Everyone is afraid of something. This most fundamental, critical rule of human existence may be among the oldest reasons for the human need to socially interact. To a certain extent, it is arguable that all society is based on the foundation that we are playing off each other's fears. However, while it is normal for everyone to have fears, not everyone has a phobia. The phobia, which is essentially an unreasonable fear that is firmly rooted in a person's psychology, can sometimes be difficult to spot. In general, they don't so much affect a person's social and professional standing as other disorders might. Yet, there are some people that must deal with the prospect of having to face a phobia at work on a daily basis.
While the so-called “fear of work” has yet to actually be recognized by any concrete authority in the field of psychology, there are some genuine fears that can be found within the office environment. The most prominent and most crippling of these might be the fear of social interaction. Regardless of how ridiculous it might sound, the fear of interacting with other human beings on any basis – regular or otherwise – is something that is very real, and very damaging. It is people that have this particular phobia that might find extreme discomfort on a daily basis when going to their workplace.
This problem has only recently been explored as a possibility by various authorities in the psychological field. Forcing someone to confront their fears, provided those fears are the regular sort, can be a positive experience. It allows them to overcome their fears and better adjust to situations where such things cannot be avoided. However, it is known that forcing someone to confront a phobia can result in far more damage than even the phobia itself. It might intensify the problem, resulting in some aspect of the person's professional life breaking down. It might also just drive home the problem, enforcing the perceptions that serve as the root of the problem itself.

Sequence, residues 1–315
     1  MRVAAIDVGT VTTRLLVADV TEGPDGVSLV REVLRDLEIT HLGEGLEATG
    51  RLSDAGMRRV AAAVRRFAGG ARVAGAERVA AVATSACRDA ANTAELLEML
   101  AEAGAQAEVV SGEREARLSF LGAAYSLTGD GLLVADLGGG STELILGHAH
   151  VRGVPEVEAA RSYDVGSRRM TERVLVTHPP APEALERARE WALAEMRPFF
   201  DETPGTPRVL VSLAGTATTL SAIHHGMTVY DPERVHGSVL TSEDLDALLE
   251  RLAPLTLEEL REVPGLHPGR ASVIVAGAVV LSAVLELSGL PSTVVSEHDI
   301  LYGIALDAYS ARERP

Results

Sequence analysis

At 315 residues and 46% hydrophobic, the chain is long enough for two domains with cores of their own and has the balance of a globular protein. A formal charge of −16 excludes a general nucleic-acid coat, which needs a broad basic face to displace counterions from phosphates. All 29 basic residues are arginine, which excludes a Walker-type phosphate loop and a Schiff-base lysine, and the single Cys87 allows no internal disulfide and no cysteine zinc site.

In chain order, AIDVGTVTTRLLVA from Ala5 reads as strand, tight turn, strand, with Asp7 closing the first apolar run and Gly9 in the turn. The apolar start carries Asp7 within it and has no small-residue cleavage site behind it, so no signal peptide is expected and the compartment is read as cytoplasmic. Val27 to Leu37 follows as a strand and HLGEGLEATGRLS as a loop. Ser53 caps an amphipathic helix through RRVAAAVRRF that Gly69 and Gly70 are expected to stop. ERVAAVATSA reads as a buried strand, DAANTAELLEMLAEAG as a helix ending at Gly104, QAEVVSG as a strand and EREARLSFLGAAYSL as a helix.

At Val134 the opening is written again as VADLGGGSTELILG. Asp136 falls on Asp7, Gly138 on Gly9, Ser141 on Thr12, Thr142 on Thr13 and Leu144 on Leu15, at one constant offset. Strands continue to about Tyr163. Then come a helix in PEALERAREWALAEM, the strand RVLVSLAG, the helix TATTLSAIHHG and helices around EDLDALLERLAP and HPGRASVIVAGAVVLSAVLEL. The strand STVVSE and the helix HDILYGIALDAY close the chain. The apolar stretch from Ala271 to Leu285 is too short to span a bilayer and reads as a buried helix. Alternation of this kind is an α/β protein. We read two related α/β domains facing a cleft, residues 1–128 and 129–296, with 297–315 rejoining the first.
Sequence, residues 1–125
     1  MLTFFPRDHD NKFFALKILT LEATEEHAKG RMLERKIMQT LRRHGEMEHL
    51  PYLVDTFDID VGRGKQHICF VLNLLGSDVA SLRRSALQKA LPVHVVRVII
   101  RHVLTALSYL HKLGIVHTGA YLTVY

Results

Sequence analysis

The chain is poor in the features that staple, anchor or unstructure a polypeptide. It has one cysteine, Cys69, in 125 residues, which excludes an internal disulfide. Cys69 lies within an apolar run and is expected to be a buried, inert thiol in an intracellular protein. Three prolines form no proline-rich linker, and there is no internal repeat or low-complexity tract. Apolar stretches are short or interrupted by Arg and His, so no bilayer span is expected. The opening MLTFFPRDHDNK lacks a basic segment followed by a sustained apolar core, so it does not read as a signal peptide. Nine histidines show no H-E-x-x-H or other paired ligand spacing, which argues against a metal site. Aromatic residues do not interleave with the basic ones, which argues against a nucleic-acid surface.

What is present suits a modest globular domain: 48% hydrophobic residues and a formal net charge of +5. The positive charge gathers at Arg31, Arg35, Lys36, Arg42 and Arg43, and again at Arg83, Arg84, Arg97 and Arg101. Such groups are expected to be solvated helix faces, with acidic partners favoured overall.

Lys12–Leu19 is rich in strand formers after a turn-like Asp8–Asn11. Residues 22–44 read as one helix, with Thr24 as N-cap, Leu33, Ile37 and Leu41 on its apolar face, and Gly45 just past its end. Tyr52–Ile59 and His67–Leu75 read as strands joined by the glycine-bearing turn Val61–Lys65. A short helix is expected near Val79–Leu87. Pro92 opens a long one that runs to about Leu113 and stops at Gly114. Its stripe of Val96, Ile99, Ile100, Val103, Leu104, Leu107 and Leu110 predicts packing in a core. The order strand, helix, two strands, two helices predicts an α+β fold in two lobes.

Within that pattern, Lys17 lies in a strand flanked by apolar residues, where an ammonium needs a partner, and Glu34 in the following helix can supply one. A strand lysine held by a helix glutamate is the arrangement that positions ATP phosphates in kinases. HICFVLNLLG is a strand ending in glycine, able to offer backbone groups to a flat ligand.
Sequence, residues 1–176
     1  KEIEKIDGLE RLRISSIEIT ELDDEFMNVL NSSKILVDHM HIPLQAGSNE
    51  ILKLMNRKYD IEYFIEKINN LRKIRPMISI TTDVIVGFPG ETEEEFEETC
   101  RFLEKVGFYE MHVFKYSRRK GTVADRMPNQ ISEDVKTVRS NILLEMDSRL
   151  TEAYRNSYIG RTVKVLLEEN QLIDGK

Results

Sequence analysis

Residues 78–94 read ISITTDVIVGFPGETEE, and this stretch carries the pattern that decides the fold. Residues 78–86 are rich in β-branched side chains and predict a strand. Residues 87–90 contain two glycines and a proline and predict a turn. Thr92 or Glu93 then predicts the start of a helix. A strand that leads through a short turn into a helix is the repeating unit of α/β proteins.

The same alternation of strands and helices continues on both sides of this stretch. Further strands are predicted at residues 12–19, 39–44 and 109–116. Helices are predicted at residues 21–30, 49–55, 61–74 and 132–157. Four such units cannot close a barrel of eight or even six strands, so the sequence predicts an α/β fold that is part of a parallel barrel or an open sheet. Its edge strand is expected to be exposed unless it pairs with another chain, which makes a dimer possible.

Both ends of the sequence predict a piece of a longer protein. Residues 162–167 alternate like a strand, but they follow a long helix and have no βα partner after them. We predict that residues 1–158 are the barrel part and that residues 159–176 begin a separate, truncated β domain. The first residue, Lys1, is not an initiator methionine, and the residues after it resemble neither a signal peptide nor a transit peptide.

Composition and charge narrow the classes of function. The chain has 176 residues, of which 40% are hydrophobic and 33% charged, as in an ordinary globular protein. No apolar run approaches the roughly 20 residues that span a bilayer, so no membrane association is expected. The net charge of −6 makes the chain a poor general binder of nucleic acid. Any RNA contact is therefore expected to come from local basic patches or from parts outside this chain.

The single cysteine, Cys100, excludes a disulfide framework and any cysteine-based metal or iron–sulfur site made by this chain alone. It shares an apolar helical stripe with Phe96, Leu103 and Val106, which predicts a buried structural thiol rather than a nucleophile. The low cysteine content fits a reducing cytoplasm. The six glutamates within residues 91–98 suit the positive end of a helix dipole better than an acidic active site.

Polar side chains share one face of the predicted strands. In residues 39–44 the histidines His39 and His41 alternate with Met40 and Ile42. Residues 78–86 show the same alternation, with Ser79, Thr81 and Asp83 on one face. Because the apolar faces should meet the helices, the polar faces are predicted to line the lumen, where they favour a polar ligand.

One of the core issues of this situation is that social phobia need not manifest in the ways people expect. A person may not show the overt signs of being uncomfortable around people, but people that are afraid of social interaction tend to act a little strangely, by most people's standards. It might manifest as little more than excessive blushing when the attention is directed towards them, or it might take the form of a general unwillingness to participate in the company's social events, like a Christmas party. People with a social phobia that are trapped in an office environment need not react in a dramatic manner that the general population expects them to. In most cases, aside from being slightly strange or antisocial (a mislabel), most casual observers would probably not suspect at all.
Since the condition can be extremely difficult to spot, it isn't surprising that a vast number of people don't get help or treatment. For some people, leaving a good job and prospective career is the only option they have for dealing with extreme cases of social anxiety. For others, they stay at work but never really develop any real relationships with their co-workers and develop a slight paranoia about being seen as “the weird one.”